Amount: £218,440
Funder: The Wellcome Trust
Recipient: University of Cambridge

The metabolic regulation of hypoxia inducible transcription factors. 05 Dec 2016

We have recently identified a novel pathway for metabolic regulation of HIF1 alpha by the OGDHC1. To continue this new area of research, it is essential that we have the necessary funds to maintian our competitive edge within the field, without diverting resources from our successful ubiquitin studies. The initial research on HIFs has been conducted by a talented graduate student, Stephen Burr. The timing of this funding request is particularly important, as it will allow Stephen to transfer his skills with a sufficient overlap for a new postdoctoral researcher to pursue this project.

Amount: £127,447
Funder: The Wellcome Trust
Recipient: University of Cambridge

Overcoming constraints on T cells in the HBV-infected liver 05 Dec 2016

My request for enhancement funding arises from the component of my existing award focused on developing T cell immunotherapy of hepatitis B and hepatocellular carcinoma using patient samples. We recently made important contributions to the testing of genetically redirected T cells for a first-in-man treatment of HBV-related hepatocellular carcinoma1. We are also collaborating with academic and pharmaceutical partners to develop immunotherapeutic vaccines aiming to boost antiviral T cells for hepatitis B control. However, these approaches remain limited by the profound exhaustion and other immune constraints imposed on T cells by high-level antigenic stimulation in the tolerogenic liver. Front-line candidates to revive T cells are checkpoint inhibitors such as PD-1 blockade. However, we have found that genetic knockdown of PD-1 can initiate detrimental effects in virus-specific T cells (Fig.1). The emerging concept that PD- 1 may actually be required to support long-term maintenance of T cells in the setting of persistent antigenic stimulation is underscored by recent work in murine models2, 3 and by our finding that liver-resident PD-1+T cells can remain highly functional (Pallett, in preparation). These discoveries underscore the need to investigate more fundamental drivers and mediators of T cell failure as alternatives or additions to checkpoint inhibition.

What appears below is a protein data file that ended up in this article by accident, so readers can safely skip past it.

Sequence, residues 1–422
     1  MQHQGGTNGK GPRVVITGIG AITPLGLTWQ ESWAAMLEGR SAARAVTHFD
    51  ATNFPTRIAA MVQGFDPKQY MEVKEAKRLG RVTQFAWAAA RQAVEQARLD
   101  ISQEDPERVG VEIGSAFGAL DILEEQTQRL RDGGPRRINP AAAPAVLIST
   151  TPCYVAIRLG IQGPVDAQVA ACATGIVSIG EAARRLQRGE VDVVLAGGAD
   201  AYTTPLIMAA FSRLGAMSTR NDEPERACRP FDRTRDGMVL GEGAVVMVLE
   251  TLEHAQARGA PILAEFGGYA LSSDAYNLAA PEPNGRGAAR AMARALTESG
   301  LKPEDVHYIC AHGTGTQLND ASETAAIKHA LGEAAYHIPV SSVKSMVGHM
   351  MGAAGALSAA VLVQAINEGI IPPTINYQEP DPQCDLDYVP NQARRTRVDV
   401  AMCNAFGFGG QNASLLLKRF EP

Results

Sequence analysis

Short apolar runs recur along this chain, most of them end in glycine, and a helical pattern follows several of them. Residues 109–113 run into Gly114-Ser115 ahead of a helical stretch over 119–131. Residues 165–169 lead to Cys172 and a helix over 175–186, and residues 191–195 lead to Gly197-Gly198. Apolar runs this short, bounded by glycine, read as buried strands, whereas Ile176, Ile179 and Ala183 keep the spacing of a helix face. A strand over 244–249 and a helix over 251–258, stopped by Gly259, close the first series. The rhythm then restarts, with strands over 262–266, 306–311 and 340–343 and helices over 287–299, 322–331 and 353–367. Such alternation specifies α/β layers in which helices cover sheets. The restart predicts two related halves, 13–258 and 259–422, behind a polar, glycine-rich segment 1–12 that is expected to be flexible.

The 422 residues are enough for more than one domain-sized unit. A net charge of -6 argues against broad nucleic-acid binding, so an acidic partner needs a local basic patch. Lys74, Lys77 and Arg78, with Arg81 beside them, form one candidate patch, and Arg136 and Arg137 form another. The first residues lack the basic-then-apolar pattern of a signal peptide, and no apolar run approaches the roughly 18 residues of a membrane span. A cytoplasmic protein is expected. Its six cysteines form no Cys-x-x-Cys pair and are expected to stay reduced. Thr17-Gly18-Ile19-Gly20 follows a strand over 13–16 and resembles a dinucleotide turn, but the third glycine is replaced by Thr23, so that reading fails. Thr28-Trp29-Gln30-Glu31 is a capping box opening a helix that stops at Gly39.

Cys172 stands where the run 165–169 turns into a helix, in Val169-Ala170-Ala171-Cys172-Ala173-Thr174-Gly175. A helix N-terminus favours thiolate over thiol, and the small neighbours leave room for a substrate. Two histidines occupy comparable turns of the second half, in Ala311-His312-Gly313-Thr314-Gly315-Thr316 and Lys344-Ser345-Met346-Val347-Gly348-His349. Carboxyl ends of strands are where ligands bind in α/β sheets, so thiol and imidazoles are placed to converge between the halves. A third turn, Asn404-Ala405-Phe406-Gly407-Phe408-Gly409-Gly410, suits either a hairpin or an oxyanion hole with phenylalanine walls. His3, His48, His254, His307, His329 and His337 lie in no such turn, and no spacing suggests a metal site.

Amount: £175,008
Funder: The Wellcome Trust
Recipient: University College London

Advancing Psychiatric Mapping Translated into Innovations for Care: PsyMaptic-A 05 Dec 2016